- Deep Foundations: Some buildings on some sites require pile or drilled shaft foundations, but I have seen too many projects where deep foundations were recommended when alternatives were available, if not more practical. On a large building, this can increase foundation cost by hundreds of thousands of dollars. Some geotechnical reports I have read seem to suggest that it is impossible to found a building on soil at all, which is just wrong. Unless the site is underlain by uncontrolled fill or organic soil, a second opinion might be warranted. There may also be multiple deep foundation alternatives applicable to the project. A foundation specialist can help you identify applicable foundation types, determine design parameters and evaluate contractor value engineering proposals.
- Deep Basements: Most geotechnical reports do not include complete recommendations and design parameters for a building with a deep basement. The report will provide some design parameters for permanent work, but additional information is usually required for the design of the excavation support system, protection and monitoring of adjacent structures and controlling of groundwater in the excavation. The design of these systems is typically delegated to the contractor, but create risk for the owner. The design team is typically not well experienced in these systems and may not be prepared to specify them or review the contractor’s designs. On some projects, there are advantages to integrating temporary systems with the permanent structure. These opportunities are lost if the design team lacks the expertise to evaluate them. A foundation specialist with construction systems experience can help the owner and design team identify and manage its risks from deep excavations and review contractor means and methods that affect the owner’s interests.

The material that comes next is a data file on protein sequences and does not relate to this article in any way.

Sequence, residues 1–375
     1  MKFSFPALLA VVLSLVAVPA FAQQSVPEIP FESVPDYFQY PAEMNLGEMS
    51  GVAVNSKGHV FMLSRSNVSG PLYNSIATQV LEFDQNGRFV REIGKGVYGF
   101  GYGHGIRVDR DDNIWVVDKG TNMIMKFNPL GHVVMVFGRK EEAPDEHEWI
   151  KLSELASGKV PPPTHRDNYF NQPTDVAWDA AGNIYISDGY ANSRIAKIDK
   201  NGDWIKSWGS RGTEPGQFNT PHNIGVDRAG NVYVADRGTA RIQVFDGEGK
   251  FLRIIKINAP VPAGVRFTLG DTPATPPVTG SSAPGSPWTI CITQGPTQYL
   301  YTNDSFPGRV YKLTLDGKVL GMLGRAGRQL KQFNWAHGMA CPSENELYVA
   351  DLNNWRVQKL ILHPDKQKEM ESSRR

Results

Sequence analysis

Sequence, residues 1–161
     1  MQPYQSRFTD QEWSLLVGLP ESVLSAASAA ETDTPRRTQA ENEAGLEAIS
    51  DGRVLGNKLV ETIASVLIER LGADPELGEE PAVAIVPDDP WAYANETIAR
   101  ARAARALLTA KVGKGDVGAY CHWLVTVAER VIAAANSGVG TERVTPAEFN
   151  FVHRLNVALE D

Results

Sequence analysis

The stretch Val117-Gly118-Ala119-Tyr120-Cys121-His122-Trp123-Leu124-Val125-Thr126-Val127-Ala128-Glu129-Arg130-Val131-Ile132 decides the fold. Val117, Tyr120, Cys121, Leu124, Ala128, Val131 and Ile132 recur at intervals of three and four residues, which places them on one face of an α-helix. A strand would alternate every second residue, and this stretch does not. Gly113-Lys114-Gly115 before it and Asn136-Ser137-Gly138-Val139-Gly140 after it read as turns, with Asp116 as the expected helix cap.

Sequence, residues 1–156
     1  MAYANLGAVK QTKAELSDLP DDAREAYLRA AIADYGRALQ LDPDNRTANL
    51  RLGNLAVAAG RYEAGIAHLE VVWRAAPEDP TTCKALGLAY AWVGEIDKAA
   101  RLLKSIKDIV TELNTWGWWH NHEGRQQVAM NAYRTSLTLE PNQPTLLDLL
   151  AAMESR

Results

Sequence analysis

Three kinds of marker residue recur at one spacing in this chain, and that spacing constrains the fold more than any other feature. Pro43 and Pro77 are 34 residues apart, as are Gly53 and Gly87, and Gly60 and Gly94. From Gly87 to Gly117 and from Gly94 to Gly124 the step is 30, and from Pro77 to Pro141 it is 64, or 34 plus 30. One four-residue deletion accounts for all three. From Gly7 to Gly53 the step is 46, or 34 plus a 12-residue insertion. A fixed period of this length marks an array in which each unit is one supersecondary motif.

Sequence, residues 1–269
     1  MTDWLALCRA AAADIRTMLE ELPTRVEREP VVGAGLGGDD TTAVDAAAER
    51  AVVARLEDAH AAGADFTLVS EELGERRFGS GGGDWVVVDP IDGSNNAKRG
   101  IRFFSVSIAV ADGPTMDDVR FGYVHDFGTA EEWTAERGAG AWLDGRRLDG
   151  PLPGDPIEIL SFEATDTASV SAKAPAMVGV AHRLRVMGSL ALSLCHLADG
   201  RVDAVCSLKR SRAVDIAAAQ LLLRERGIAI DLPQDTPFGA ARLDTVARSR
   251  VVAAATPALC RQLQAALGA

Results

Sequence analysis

- Specialty Foundations: Some foundation systems, like slurry walls, secant pile walls, micropiles and ground improvement methods are outside the expertise of most structural engineers and need specific geotechnical inputs during the design process. The design of these systems is often delegated to specialty foundation contractors. A foundation specialist can perform type studies of these elements to determine their suitability and facilitate bidding, as well as help specify and review contractor submittals.
The engineering of well-performing and economical foundations is as much art as science and requires a unique understanding of structural behavior, soil mechanics and construction methods. Although many project teams forgo the benefits of having a foundation engineering specialist on the design team, some of the most common complaints about foundation engineering on building projects, as well as the associated, and avoidable, costs and risks, can be mitigated by engaging a foundation specialist to assist with your project.
The information and statements in this document are for information purposes only and do not comprise the professional advice of the author or create a professional relationship between reader and author.